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Weight Loss in Adults 3 Years After Bariatric Surgery

Article / Review by on November 18, 2013 – 6:18 pmNo Comments

Weight Loss in Adults 3 Years After Bariatric Surgery

Severely obese adults who had bariatric surgery had substantial weight loss 3 years later but varied greatly in both the amount of weight lost and in the effects on related conditions, including diabetes and high blood pressure. These and other findings may offer insight into who may be most likely to benefit from the procedures.

More than 1 in 3 Americans is obese, and an increasing number are severely obese, with a body mass index of 35 or higher. Obesity is a risk factor for a range of diseases, including type 2 diabetes and heart disease.

Weight Loss in Adults 3 Years After Bariatric Surgery

The most effective way for people with severe obesity to lose large amounts of weight is with bariatric surgery, operations that alter the stomach and/or intestines. Bariatric procedures are designed to reduce food intake. Some also decrease the absorption of calories and nutrients. Bariatric procedures promote weight loss and can improve weight-related health conditions. But the surgical approach also carries risks.

An NIH-funded consortium is analyzing the benefits and risks of bariatric surgery. Researchers followed more than 2,400 people, ages 18 to 78 years, who had bariatric surgery between 2006 and 2009. Participants’ median weight was 284 pounds; their median BMI was 45.9. The work was funded by NIH’s National Institute of Diabetes and Digestive and Kidney Diseases (NIDDK) and National Center for Research Resources (NCRR). Results appeared online in a series of papers on November 4, 2013, in theJournal of the American Medical Association (JAMA) and related JAMAjournals.

More than 1,700 participants had gastric bypass surgery, in which the stomach’s size is reduced to a small pouch that is connected to the small bowel, bypassing the rest of the stomach. About 600 had laparoscopic adjustable gastric banding, which involves placing a small ring-like band around the top of the stomach to restrict food intake.

Three years after surgery, participants who had gastric bypass had a median weight loss of 90 pounds (31% initial weight lost). Adults who had gastric banding had a median weight loss of 44 pounds (16% weight lost).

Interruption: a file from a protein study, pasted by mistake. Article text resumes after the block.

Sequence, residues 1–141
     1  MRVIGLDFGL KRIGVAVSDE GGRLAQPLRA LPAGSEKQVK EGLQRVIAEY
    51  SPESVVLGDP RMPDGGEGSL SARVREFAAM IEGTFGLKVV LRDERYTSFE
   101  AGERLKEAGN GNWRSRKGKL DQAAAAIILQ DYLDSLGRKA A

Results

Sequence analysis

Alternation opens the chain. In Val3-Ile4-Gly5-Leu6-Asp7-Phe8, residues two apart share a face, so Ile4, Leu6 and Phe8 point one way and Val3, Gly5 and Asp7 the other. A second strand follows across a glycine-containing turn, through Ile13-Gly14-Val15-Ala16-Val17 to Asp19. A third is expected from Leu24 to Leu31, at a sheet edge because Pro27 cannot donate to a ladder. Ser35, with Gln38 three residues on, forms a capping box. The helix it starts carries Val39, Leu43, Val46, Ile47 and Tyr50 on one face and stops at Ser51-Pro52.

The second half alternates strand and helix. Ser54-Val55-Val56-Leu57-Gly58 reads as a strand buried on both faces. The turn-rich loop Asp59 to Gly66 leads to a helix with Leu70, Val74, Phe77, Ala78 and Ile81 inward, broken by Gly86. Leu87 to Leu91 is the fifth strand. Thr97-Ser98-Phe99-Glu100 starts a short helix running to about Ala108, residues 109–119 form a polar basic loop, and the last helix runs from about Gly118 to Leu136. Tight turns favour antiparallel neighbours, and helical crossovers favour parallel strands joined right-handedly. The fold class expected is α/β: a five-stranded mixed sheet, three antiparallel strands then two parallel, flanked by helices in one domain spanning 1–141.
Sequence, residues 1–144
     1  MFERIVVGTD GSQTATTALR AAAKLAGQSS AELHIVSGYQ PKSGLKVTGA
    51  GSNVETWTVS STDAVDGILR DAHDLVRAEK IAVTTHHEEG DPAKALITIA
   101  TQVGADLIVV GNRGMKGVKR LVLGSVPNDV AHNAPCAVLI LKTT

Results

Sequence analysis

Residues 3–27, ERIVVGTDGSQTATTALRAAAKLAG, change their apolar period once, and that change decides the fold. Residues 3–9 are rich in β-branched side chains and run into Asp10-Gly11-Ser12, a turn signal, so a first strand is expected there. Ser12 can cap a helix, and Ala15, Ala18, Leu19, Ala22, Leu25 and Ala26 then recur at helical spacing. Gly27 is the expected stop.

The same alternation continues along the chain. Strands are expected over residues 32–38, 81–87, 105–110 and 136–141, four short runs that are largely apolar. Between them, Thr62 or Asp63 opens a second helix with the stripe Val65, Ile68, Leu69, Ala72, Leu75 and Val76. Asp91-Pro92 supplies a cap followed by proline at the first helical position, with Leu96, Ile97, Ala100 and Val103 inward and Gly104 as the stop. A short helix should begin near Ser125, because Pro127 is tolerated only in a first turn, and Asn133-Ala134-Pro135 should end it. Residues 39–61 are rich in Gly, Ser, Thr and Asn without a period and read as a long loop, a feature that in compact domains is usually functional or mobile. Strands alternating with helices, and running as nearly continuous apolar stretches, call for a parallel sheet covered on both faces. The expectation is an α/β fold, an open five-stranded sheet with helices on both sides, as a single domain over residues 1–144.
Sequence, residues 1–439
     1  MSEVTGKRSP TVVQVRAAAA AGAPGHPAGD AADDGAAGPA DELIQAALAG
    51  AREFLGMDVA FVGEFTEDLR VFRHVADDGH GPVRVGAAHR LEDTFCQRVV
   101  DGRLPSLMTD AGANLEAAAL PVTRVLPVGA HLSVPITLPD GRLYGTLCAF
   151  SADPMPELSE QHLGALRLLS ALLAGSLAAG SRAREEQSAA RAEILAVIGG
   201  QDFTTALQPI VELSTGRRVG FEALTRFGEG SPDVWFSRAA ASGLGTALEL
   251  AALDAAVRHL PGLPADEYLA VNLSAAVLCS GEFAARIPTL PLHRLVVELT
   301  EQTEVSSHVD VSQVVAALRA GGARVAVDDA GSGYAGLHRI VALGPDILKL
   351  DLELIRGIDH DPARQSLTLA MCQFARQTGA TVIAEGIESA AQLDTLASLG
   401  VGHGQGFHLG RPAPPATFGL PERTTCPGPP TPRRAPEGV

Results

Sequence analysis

The majority of weight loss occurred within a year after surgery. However, there was great variability in the amount and pattern of weight loss. The researchers identified 5 distinct patterns of weight change. The team also found great variability in changes in diabetes, blood pressure, and lipid outcomes. Several adverse outcomes followed the surgeries, including the need for additional bariatric procedures and a limited number of deaths.

Related papers reported other aspects of the study. For example, a group of more than 100 women surveyed 2 years after bariatric surgery had improvements in sex hormone levels and sexual functioning.

“Bariatric surgery is not a ‘one size fits all’ approach to weight loss,” says study leader Dr. Anita Courcoulas of the University of Pittsburgh Medical Center. “Our study findings are the result of data collected from a multicenter patient population, and emphasize the heterogeneity in weight change and health outcomes for both types of bariatric surgery that we report. Longer term follow-up of this carefully studied cohort will determine the durability of these improvements over time and identify the factors associated with the variability in effect.”

The researchers will continue to monitor the effects of bariatric surgery on the participants’ health and quality of life. One research challenge is to understand how to identify which patients are most likely to benefit from any of the procedures.

By Carol Torgan, Ph.D.

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*  The above story is reprinted from materials provided by National Institutes of Health (NIH)
** The National Institutes of Health (NIH) , a part of the U.S. Department of Health and Human Services, is the nation’s medical research agency—making important discoveries that improve health and save lives. The National Institutes of Health is made up of 27 different components called Institutes and Centers. Each has its own specific research agenda. All but three of these components receive their funding directly from Congress, and administrate their own budgets.

More about National Institutes of Health (NIH)

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